The Government of the Northwest Territories will not provide a temporary moratorium on commercial evictions despite a plea from the NWT Chamber of Commerce.
On May 1, the chamber sent a letter undersigned by the Canadian Chamber of Commerce and several provincial chapters. In it, they asked for a temporary halt to commercial evictions as federal funding support — the Canada Emergency Rent Relief Assistance — is rolled out for small and medium-sized businesses that have lost revenue due to the Covid-19 pandemic.
The chamber has maintained that local landlords have no certainty that they are going to qualify for that program.
Renee Comeau, executive director of the chamber, broke the news of the Premier’s response in an email to members of the organization on Wednesday. She said Premier Caroline Cochrane told her that legislation to put a short-term hold on all evictions for small tenants is not going to happen because it would require legislative changes to the Commercial Tenancies Act.
Asked where those changes to the act would be needed, Comeau said she didn’t know. She stated that the premier also told her that “GNWT has faith that landlords will not be evicting tenants right now.”
“We are hopeful that businesses will not get evicted due to inability to pay,” Comeau wrote. “The reality is that a majority of landlords in the NWT are multinational REITs who have anchor tenants — the GNWT — in their buildings. Thus having a few spaces sit empty has zero effect on their bottom line, as proven with the vacancy that continues to sit in the Centre Square Mall. We are also well aware of the programs available to businesses. However, as indicated multiple times in our letters, small businesses are not in a position to incur further debt load.”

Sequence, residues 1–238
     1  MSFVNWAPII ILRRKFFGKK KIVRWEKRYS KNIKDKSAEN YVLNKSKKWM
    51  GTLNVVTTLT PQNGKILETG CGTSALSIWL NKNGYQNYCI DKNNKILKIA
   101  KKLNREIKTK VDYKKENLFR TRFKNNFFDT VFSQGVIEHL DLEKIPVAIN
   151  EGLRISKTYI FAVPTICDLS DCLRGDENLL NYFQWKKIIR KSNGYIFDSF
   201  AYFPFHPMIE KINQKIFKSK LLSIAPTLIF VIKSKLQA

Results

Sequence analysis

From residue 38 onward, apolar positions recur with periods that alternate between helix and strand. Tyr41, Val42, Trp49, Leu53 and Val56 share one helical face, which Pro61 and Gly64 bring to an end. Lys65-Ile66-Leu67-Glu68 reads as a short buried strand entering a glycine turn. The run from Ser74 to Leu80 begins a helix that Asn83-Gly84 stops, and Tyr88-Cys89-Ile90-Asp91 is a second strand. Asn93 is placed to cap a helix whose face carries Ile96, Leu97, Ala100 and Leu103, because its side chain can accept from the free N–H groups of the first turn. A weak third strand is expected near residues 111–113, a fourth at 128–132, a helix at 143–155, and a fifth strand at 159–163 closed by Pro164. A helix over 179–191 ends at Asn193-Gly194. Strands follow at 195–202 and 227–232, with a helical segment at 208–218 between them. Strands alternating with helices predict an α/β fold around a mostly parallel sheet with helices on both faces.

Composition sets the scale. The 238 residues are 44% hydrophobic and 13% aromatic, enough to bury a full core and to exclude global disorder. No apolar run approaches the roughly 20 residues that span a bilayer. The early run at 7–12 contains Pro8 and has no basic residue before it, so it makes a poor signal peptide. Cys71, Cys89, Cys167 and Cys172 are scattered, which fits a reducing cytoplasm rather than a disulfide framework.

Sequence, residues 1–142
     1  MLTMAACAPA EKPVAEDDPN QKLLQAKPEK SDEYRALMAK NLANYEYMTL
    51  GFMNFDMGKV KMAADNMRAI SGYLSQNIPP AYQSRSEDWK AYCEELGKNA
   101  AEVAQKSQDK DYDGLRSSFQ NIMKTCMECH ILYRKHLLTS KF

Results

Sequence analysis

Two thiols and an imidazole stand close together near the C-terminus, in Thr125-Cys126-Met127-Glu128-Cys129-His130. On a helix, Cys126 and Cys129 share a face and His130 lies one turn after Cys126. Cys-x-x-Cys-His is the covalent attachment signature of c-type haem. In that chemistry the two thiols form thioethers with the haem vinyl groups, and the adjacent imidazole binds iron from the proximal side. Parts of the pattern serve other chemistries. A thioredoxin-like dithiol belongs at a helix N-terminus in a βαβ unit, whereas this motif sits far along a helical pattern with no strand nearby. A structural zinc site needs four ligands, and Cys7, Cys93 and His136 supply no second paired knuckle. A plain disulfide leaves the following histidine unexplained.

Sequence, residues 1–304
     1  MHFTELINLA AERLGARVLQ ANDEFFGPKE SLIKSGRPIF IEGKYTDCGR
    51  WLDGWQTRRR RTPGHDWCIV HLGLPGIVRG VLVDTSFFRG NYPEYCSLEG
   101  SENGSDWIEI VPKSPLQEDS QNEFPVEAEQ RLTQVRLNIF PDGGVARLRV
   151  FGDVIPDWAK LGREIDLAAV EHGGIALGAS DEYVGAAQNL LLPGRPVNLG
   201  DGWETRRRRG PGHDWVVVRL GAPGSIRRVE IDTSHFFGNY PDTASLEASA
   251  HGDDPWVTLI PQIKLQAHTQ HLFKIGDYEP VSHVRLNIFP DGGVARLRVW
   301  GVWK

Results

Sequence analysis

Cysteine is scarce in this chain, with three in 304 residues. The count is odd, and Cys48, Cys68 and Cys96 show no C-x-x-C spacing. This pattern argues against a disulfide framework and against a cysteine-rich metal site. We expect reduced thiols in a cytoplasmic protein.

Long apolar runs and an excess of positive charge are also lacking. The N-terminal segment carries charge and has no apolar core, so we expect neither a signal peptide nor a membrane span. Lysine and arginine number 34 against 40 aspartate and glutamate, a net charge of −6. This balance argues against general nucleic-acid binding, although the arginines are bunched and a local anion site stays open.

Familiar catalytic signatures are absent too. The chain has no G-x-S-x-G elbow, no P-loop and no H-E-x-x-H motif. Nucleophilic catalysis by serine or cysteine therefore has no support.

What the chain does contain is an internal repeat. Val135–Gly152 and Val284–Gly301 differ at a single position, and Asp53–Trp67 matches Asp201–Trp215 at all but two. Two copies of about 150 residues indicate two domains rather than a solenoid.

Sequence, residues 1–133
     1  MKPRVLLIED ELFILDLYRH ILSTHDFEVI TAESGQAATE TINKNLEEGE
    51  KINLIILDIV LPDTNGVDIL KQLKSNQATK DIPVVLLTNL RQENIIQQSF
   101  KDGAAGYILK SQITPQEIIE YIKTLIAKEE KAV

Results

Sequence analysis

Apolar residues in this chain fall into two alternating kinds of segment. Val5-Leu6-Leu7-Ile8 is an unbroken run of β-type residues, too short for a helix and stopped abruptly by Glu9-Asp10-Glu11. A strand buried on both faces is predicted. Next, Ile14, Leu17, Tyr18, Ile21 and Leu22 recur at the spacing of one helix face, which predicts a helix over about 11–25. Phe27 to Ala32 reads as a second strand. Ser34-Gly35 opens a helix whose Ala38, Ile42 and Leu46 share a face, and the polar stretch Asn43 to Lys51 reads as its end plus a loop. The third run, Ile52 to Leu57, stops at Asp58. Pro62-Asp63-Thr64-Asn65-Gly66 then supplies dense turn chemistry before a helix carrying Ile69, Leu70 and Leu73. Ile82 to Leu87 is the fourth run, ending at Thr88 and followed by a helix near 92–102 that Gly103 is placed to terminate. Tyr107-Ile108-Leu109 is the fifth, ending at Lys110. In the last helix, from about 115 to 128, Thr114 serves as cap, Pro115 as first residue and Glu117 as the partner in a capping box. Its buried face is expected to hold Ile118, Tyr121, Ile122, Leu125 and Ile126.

The NWT Chamber of Commerce, the Press Secretary and Premier’s office didn’t make copies of the Premier’s letter public as of Wednesday evening, nor was the Premier available for comment.
Comeau said in an interview on Wednesday that the response has left the chamber feeling “dismissed” and that the full affects of the Premier’s rejection might not be seen until after the Victoria Day long weekend.
“We want to keep the lines of communication open (with the Premier’s office) because this is such a major issue for the business community throughout the Northwest Territories,” Comeau said. “But it’s disappointing. We’re hoping that they’re going to reconsider…”
Comeau couldn’t say how many businesses might be impacted by the GNWT’s decision, but she noted that local landlords will also be affected.
“This is really going to negatively affect our local landlords, those who really want to not evict people and who can’t afford to evict people,” she said. “But they may be put into a position where they’re going to have to (evict) because they have their own operating costs that they have to cover. As small landlords who are not these multinational REITs, they’re not going to be able to hold back.”
As of May 13, Comeau said there were no commercial evictions in the NWT, but typically the fallout commences a little later in the month.
She explained that commercial landlords often tend to enter a lease agreement with a tenant that states that rent has to be paid by the fourth business day.
“If the rent is not paid on the fourth business day, the landlord will remind the tenant that they have until the 10th business day,” she said.
During that time, the landlord has the ability to change the locks or apply for eviction under the Commercial Tenancy Act.
“They then have to petition the NWT Supreme Court that they’re evicting the tenant, which just happens on the 10th business day because they already advised the tenant,” she said. “So I think we’re going to see the reality of this situation rear its head, either come Friday or Monday.”
Regional Relief and Recovery Fund
Comeau applauded the federal government’s announcement on May 13 that $962 million will be directed to small and medium-sized businesses throughout the country through a new CanNor fund called the Regional Relief and Recovery Fund. Of that money, $34.3 million will go to the Northern territories.
The chamber still wants the program to be expanded to support sectors that “have fallen through the cracks,” Comeau added. These would include businesses that employ more than 20 people, home-based businesses and not-for-profits.